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Yiddish Theater

Molly Picon

A drunk’s dare to a five-year-old on a trolley car initiated the career of Molly Picon, the petite darling of the Yiddish musical theater.

Miriam Shomer Zunser

Miriam Shomer Zunser, journalist, playwright, and artist, was an important promoter of Jewish culture in America during the period before World War II.

Dora Wasserman

Dora Wasserman’s love of Yiddish theater accompanied her from the Soviet Union where she was born in 1919, to Montreal, Canada where she lived from 1950 until her death on December 15, 2003.

Bessie Thomashefsky

Bessie Thomashefsky, Yiddish actor and comedian, delighted audiences for over thirty years with leading roles in New York, and later on tour throughout the United States, in London and in Toronto.

Rose Shoshana

The journey from Lodz, Poland, where Rose Shoshana was born on June 25, 1895, to New York was not an unusual one for an Eastern European Jewish woman of her time. This was, however, only one of many journeys Rose Shoshana made in her long career as a Yiddish actor, theater director, dramatist, writer, and translator.

Sarah Shor

Sarah Shor, a painter, graphic artist and theater designer, was born on March 30, 1897 in Dubno (Ukraine), the daughter of Marc Shor, a merchant of modest means.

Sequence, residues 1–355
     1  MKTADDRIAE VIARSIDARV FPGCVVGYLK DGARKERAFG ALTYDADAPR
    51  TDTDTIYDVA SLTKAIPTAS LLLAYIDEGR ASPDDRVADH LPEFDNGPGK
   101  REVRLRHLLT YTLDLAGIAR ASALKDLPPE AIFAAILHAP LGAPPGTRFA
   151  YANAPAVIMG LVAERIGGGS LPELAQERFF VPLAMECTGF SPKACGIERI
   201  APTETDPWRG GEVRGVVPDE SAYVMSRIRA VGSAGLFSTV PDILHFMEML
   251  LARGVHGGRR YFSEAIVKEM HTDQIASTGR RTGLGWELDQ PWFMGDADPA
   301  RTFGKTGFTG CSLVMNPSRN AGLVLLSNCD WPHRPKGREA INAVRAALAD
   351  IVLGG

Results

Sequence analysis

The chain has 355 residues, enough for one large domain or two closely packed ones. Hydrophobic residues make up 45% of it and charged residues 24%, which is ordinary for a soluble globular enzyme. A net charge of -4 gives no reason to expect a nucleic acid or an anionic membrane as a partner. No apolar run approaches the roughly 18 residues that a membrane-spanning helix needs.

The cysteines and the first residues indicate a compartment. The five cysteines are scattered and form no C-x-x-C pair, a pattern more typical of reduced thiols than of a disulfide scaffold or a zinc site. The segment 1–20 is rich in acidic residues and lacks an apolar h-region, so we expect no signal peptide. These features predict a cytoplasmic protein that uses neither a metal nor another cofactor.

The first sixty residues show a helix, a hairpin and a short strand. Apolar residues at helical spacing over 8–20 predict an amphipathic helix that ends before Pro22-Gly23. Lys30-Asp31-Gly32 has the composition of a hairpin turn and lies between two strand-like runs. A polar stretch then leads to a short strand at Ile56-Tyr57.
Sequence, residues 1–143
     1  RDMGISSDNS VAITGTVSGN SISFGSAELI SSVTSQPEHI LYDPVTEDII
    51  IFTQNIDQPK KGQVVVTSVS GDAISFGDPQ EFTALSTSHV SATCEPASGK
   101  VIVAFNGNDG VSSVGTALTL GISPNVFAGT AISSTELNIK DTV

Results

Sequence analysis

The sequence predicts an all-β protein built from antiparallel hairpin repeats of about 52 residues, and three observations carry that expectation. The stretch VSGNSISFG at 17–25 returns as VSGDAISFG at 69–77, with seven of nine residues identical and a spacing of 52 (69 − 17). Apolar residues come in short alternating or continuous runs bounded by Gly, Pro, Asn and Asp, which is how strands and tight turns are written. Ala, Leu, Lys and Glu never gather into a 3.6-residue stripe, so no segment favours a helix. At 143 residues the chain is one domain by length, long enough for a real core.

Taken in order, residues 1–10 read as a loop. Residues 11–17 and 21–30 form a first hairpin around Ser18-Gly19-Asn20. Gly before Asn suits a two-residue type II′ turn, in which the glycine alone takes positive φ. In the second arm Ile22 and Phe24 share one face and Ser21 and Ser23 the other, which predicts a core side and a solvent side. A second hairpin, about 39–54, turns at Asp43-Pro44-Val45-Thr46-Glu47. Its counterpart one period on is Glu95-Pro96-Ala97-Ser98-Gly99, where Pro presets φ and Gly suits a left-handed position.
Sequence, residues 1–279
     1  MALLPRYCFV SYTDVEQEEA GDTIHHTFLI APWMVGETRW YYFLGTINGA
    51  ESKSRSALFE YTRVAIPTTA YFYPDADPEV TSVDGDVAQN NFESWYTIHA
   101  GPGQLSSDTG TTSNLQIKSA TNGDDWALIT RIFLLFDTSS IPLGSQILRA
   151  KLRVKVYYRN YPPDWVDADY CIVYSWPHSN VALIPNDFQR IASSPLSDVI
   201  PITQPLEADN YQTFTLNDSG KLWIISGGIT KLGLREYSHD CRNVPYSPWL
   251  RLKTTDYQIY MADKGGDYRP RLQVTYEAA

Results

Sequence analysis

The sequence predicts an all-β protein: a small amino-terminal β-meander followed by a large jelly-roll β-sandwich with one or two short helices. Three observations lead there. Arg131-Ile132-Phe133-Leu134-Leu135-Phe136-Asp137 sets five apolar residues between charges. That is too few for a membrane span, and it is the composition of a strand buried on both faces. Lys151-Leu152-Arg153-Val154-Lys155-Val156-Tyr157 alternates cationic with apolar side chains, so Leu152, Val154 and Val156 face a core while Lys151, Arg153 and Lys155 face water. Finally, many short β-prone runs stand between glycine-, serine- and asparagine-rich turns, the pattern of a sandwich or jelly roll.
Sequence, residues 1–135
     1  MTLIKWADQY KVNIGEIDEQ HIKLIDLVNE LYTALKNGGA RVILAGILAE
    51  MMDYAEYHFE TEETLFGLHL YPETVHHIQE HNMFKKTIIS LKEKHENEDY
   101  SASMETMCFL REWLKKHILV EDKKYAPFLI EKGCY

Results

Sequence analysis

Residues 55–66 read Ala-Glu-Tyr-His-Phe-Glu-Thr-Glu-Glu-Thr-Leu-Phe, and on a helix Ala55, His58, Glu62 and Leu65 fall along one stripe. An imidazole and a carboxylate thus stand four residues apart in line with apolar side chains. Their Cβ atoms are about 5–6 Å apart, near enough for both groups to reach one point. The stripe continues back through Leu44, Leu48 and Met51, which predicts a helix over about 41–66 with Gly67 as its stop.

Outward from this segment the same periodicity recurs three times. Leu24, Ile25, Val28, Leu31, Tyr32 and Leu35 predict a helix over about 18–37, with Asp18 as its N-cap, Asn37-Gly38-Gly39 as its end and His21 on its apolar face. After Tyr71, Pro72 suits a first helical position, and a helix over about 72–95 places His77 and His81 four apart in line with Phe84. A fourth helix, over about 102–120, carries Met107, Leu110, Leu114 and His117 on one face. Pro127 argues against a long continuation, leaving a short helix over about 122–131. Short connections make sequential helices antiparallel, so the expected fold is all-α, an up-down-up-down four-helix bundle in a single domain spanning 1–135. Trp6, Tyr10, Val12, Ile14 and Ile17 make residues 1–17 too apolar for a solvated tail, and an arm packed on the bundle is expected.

Romanian Yiddish Theater

One facet of the rich Jewish cultural scene that developed in Romania in the late nineteenth and early twentieth centuries consisted of theatrical activity in its various forms.

Miriam Kressyn

Miriam Kressyn—of the Yiddish theater and film, songwriter, translator, recording star, radio announcer, historian of the Yiddish theater, news analyst, and teacher—left an indelible mark on Yiddish culture of the twentieth century.

Lia Koenig

Lia Koenig has performed at the Habimah theater without a break for more than forty years. In 1986 she was awarded the Israel Prize for her distinguished achievements as an outstanding actor.

Esther Rachel Kaminska

In the first pages of her autobiography My Life, My Theater Ida Kaminska writes of her mother Esther Rachel, termed “the Jewish Eleonora Duse,” that she was educated by three forces: “the poverty she saw with her clever eyes, the suffering with which her great heart empathised, the injustice against which she was able to rebel. All became components of Esther Rachel Kaminska.”

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How to cite this page

Jewish Women's Archive. "Yiddish Theater." (Viewed on July 31, 2015) <http://jwa.org/topics/yiddish-theater>.

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